Megan Evansen

No matter where you fall on pumpkin spice, autumn has some universal hallmarks: cooler temperatures, leaves turning colors and sunsets arriving earlier and earlier. And across the U.S., fall is also the start of migration for many wildlife, triggering the move southward to warmer climates. During their trip, species like the monarch butterfly use of prairie patches in the Midwest on their way to wintering grounds in the southwestern U.S. and Mexico. This month thousands of migratory birds will also begin their journey to warmer climates in southern states, using wetlands, marshes, beaches and forests along the way. These stopping grounds, though not used year-round, are essential to the survival of migratory species, like red knots, some of which fly more than 9,300 miles each way. Many of us think of habitat as the space where a species lives, of course! For example, the endangered Cape Sable seaside sparrow needs large swaths of marsh in Florida.  But habitat is so much more. It includes migratory spaces, used as short-term resting and refueling stops, and areas that provide other needs, like clean water upstream of an endangered mussel’s actual home. These habitat areas, though not strictly the home of these species, can still provide valuable resources essential to survival. 

Monarch Butterflies
Manuel Balesteri

While all habitat is important, some is especially crucial to a species’ survival and requires extra safeguarding from human actions. Under the Endangered Species Act (ESA), when species are designated threatened or endangered, specific lands or waters can be designated as “critical habitat.” These areas then receive additional protections from extreme modification and destruction when federal agencies are involved. But new proposed ESA regulations introduced in the past few months seek to undermine habitat protections in two ways. One would create a weak definition of what constitutes “habitat” that may exclude areas in need of some restoration or areas where species may need to move into in the future as a result of climate change. This would make it more difficult to designate critical habitat. The other proposed regulation would make it easier for industries to lobby to have important areas excluded from critical habitat designations.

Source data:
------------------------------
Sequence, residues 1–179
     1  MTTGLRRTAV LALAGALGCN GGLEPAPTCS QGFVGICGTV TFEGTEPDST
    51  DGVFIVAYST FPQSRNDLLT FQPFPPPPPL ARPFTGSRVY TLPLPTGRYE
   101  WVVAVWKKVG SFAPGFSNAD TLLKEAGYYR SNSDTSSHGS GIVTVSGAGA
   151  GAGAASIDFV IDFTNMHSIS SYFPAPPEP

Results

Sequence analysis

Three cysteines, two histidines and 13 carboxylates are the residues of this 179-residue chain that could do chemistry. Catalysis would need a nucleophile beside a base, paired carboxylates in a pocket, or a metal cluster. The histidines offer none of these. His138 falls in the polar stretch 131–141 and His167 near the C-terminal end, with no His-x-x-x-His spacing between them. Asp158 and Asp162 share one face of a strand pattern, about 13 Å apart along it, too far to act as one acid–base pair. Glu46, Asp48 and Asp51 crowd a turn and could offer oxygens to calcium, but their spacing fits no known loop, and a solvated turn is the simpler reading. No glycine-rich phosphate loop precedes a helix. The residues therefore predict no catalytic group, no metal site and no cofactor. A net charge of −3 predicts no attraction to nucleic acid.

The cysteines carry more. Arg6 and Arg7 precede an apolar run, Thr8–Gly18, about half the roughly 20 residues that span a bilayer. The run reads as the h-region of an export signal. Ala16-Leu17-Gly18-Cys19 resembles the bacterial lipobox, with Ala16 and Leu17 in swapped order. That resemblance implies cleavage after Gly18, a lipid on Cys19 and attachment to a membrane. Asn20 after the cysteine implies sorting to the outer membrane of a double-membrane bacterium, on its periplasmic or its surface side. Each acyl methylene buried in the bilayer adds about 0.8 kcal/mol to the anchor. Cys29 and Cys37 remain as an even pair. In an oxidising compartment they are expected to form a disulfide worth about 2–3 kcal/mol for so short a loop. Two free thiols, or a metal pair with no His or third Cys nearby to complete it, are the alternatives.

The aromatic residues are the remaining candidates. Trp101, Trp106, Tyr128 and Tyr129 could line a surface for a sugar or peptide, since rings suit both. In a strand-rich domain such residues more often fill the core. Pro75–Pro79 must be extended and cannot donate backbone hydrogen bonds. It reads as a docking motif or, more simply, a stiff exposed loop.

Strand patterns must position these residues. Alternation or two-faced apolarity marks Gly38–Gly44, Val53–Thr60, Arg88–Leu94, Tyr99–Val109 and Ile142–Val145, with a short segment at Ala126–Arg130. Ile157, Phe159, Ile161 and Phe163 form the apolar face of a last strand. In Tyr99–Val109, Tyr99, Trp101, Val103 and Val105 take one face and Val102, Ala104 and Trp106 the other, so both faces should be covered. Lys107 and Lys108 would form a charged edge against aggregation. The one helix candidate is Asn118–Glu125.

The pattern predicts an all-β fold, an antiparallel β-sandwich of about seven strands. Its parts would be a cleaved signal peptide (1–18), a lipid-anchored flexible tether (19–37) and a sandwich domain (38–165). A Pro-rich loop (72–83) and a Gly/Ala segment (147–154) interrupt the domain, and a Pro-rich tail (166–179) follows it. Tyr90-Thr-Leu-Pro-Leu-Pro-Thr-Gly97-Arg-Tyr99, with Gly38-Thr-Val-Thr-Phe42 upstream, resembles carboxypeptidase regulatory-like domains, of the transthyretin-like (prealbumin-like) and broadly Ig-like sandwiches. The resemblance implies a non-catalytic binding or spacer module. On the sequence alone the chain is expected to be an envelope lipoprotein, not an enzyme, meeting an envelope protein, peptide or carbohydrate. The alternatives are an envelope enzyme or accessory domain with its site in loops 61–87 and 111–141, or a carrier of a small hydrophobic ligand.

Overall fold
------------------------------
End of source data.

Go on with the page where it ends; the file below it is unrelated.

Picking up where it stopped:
First snow of the season on the peaks throughout the Lost River Ranger District, Salmon-Challis National Forest
B. Higbee/USFS

This is no time to weaken the protections of the ESA. Species are losing habitat at an alarming rate from habitat degradation and development, invasive species and climate change. Habitat loss is now the leading threat to threatened and endangered species, leaving them with shrinking or shifting ranges, a loss of prey or food and new competition for resources. What was once their home can suddenly become too small, too degraded or too unfamiliar to fully support them. Without viable habitat, we leave these species unable to recover on their own without proper resources or ultimately avoid extinction. 

Misty Forest - Green Swamp Preserve - North Carolina
Alan Clark

We are experiencing a biodiversity crisis, and up to one million species around the world are at risk of extinction now and in the coming decades. The United States is home to many of those species and protecting habitat is key for the conservation and recovery of those species who find themselves imperiled by today’s threats. To save these species from extinction, they need to have a home to return to - one that affords them the space and resources they need to survive. Think of our shorebirds, like the Cape Sable seaside sparrow: It stands little chance of rebounding if we’ve reduced its range to smaller and smaller portions of marshy prairie, critical areas it depends on are left without protections because they need restoration or industry interests are able to get those areas excluded. The ESA was created to conserve and recover not just these species, but the ecosystems they depend on. Yet if passed, these new regulations would make it harder to provide protections for those crucial ecosystems and only hamper and contribute to species’ demise. 

Cape Sable seaside sparrow in Everglades National Park
Lori Oberhofer/NPS

Thankfully, you can help protect these key areas for imperiled species. Add your voice to the fight to protect critical habitat, and petition for ESA regulations that aid species in their journey to recovery so that imperiled wildlife have a fighting chance. 


Megan Evansen headshot

Megan Evansen

Conservation Science and Policy Analyst
As the Conservation Science and Policy Analyst, Megan Evansen assists with the analysis of scientific research and policy implementation to find new and creative solutions for wildlife conservation.
Black-Footed Ferret
Image Credit

Protect the ESA

No animal can survive without suitable habitat. Species often become endangered due to habitat loss in the first place. We should be working to strengthen – not weaken – the Endangered Species Act.

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